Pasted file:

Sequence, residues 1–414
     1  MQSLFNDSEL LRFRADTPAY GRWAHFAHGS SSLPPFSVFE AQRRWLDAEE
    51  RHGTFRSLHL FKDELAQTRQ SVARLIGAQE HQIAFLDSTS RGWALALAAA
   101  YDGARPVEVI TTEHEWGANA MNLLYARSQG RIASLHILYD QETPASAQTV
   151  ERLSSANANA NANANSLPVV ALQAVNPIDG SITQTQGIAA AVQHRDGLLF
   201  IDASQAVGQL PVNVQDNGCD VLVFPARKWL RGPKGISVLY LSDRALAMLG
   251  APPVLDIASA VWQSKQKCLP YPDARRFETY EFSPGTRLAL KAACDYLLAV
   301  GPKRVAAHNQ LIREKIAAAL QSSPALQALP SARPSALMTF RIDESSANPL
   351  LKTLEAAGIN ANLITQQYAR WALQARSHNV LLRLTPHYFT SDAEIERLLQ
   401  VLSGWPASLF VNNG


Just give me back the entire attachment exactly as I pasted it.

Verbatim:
Sequence, residues 1–414
     1  MQSLFNDSEL LRFRADTPAY GRWAHFAHGS SSLPPFSVFE AQRRWLDAEE
    51  RHGTFRSLHL FKDELAQTRQ SVARLIGAQE HQIAFLDSTS RGWALALAAA
   101  YDGARPVEVI TTEHEWGANA MNLLYARSQG RIASLHILYD QETPASAQTV
   151  ERLSSANANA NANANSLPVV ALQAVNPIDG SITQTQGIAA AVQHRDGLLF
   201  IDASQAVGQL PVNVQDNGCD VLVFPARKWL RGPKGISVLY LSDRALAMLG
   251  APPVLDIASA VWQSKQKCLP YPDARRFETY EFSPGTRLAL KAACDYLLAV
   301  GPKRVAAHNQ LIREKIAAAL QSSPALQALP SARPSALMTF RIDESSANPL
   351  LKTLEAAGIN ANLITQQYAR WALQARSHNV LLRLTPHYFT SDAEIERLLQ
   401  VLSGWPASLF VNNG